Tenkara Fly Fishing by David Dirks isn’t an instructional book about fly fishing in the Tenkara style and if you’re looking for a structured introduction to Tenkara you’re going to be disappointed. Instead, it’s a round table collection of responses to questions about Tenkara techniques posed by Dirks to a half-dozen Tenkara fishing guides, covering everything from the philosophy of Tenkara, fly patterns, casting techniques, and fly patterns to strategies and tactics for fishing different kinds of water.
As a beginner fly fisherman trying to climb the learning curve by myself (after one guided Tenkara lesson), I often felt lost reading this book because I don’t know a lot of the fly fishing concepts and jargon used by the contributors. Which leads me to believe that the audience that would benefit from this book the most, are existing fly fisherman who want to try the radically simple, reel-less style of Tenkara.
Still on my next fly fishing outing, I found myself applying many of the techniques discussed in Tenkara Fly Fishing including modifications to my front casting technique resulting in much better fly presentation and less line on the water, more stealth in my approaches, and a fuller appreciation of how to fish all the spots on a stream including the eddies, pools, riffles, and pocket water. I even landed a pair of brookies (finally).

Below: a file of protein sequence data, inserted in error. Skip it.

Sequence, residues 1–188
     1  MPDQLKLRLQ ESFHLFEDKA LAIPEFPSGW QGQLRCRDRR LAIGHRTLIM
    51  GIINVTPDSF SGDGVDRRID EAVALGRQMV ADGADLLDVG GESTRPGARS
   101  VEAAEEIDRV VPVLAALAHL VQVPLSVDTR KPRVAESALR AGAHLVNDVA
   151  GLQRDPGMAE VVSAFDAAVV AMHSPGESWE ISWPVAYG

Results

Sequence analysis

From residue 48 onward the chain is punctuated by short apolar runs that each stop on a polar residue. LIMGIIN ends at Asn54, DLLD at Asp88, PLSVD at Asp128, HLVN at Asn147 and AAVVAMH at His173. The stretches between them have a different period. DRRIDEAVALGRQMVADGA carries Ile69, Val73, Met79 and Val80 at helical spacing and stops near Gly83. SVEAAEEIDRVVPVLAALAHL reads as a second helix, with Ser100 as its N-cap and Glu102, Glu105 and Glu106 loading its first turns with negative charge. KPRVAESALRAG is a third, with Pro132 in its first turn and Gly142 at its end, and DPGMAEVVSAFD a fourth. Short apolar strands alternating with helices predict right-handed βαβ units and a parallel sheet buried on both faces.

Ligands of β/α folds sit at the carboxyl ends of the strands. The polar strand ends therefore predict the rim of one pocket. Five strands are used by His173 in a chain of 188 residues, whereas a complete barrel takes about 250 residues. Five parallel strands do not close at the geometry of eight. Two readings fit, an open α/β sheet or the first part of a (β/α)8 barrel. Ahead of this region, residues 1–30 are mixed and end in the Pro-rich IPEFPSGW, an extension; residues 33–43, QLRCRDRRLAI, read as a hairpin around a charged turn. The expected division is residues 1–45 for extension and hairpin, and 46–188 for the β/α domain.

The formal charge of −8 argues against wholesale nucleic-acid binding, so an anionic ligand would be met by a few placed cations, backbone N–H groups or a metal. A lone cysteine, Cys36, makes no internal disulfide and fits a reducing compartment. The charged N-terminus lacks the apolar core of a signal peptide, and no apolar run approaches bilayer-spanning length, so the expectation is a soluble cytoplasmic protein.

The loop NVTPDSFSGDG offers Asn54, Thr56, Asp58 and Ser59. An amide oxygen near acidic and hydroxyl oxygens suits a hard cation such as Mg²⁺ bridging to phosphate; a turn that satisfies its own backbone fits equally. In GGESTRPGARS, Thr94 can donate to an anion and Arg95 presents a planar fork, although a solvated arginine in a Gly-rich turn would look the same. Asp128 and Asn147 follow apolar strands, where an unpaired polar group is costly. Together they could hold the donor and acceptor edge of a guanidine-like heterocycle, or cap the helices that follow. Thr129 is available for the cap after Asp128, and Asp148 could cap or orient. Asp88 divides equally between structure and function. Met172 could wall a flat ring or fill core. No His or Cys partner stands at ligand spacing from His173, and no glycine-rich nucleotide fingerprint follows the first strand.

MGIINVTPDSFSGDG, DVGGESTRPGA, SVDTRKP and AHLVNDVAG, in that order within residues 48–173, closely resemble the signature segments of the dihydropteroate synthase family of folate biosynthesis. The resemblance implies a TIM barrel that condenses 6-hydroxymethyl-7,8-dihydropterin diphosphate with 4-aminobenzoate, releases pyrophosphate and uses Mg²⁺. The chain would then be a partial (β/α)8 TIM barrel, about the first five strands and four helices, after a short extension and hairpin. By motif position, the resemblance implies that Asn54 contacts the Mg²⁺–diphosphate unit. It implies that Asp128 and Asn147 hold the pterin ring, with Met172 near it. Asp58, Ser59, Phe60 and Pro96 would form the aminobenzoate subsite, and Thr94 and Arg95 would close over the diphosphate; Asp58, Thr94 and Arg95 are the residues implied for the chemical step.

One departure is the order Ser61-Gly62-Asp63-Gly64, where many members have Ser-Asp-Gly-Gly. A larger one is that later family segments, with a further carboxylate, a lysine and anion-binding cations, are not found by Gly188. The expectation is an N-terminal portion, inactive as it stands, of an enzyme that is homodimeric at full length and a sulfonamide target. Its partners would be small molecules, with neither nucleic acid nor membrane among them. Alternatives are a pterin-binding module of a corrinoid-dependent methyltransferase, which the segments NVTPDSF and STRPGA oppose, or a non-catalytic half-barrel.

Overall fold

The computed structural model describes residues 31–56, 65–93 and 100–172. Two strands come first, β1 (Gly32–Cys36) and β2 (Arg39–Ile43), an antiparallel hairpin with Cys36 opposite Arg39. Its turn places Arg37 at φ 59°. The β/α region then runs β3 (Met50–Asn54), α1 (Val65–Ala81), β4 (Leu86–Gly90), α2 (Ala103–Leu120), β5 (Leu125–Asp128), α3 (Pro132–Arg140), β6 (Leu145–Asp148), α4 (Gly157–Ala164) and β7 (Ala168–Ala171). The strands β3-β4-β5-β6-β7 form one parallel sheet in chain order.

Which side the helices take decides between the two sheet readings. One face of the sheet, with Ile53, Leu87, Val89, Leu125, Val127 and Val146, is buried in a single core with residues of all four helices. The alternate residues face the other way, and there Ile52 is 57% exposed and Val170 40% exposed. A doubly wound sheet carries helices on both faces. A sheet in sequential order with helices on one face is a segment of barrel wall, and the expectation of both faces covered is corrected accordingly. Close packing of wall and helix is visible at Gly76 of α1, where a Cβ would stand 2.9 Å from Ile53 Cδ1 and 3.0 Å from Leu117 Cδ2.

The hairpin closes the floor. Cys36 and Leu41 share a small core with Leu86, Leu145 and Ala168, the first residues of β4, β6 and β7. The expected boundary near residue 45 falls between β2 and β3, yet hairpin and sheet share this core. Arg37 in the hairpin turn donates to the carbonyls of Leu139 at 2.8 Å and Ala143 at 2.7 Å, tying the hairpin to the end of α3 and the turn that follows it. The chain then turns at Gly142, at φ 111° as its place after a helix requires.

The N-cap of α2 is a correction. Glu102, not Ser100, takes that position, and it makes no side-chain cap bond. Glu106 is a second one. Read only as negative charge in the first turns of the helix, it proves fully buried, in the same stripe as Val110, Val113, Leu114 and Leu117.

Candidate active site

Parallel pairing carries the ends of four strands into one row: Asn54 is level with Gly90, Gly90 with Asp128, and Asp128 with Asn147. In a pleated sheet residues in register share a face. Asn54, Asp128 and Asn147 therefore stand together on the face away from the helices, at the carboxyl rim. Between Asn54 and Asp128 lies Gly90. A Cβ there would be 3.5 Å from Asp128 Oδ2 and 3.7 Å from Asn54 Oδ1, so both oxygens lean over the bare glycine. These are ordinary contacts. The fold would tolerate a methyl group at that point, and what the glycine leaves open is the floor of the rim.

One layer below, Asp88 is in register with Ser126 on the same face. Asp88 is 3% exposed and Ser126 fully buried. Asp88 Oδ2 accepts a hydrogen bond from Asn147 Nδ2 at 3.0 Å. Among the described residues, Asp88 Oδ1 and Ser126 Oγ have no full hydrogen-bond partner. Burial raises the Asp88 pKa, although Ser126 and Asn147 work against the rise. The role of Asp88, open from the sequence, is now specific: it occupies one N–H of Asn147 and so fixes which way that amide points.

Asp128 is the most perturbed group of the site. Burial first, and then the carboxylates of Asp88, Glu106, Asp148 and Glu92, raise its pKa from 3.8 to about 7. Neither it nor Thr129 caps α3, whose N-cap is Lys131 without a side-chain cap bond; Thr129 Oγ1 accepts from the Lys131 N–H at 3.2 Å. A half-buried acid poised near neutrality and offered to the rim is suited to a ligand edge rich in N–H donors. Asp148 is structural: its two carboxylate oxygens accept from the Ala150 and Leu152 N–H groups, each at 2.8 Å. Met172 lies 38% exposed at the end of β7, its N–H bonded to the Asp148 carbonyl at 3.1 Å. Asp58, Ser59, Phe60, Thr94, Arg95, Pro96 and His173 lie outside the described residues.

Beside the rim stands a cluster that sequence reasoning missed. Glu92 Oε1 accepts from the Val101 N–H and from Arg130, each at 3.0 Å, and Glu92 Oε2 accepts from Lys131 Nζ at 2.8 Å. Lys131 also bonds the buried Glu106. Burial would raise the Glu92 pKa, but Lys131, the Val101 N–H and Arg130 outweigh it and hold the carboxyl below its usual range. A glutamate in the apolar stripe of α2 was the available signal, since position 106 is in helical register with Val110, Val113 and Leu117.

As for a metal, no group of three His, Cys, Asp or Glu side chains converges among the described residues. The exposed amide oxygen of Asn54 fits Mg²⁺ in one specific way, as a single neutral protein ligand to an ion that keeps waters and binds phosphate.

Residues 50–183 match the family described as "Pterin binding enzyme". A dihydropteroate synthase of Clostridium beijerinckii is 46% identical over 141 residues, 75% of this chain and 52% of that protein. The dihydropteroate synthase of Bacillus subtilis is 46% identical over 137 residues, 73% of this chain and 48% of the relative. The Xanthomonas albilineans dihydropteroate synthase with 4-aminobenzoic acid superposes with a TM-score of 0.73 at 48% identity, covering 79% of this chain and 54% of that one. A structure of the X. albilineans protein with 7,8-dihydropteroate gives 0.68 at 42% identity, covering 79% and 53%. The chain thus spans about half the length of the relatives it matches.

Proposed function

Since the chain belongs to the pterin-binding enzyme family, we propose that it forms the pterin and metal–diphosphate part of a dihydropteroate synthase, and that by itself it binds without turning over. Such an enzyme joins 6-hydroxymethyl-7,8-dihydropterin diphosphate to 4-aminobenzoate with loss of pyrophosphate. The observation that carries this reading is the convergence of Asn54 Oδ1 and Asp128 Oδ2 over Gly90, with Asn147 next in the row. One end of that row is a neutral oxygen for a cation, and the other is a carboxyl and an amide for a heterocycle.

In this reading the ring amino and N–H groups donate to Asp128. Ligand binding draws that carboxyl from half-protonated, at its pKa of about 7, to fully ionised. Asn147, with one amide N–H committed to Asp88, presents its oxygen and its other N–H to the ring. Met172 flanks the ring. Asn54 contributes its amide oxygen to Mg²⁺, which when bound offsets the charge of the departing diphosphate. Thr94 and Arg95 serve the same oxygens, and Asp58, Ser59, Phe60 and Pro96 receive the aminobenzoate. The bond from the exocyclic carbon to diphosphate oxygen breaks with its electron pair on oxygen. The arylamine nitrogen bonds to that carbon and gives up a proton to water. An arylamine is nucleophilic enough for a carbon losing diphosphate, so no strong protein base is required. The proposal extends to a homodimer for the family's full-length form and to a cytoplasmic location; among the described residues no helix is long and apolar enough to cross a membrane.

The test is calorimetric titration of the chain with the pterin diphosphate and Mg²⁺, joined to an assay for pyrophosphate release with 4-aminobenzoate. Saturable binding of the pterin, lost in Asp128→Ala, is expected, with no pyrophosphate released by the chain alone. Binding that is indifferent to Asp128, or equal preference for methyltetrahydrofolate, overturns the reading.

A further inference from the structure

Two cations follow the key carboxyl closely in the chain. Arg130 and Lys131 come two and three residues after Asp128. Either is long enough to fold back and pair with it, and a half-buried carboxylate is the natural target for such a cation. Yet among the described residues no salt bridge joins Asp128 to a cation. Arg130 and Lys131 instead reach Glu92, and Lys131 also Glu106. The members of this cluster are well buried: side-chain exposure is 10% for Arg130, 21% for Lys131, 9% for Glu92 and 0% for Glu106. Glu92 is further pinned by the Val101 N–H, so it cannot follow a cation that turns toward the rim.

I think Tenkara Fly Fishing, is one of those hobbies (like hiking and backpacking) that you can’t learn from a book. You have to experiment, preferably in non-life-threatening circumstances, until you can build up a large experience base and figure out what’s what. Books and conversations with other fisherman can give you ideas about the techniques you want to develop, but you need to develop the muscle memory and judgement of when to apply them, in different conditions, on streams and ponds.
While Tenkara Fly Fishing captures the best practices distilled by a group of experienced Tenkara fishing guides, you’re going have to reread this book many times to glean tips and tricks that you can use and incorporate into your own fishing techniques. The book is organized to help you do this, with good chapters on rod and line selection, how to tie Tenkara flies, and small and large water strategies for Tenkara fly fishing, but you’re going to have to nibble away at the knowledge packed in this book for it to sink in.
Disclosure: Philip Werner purchased this book with his own funds.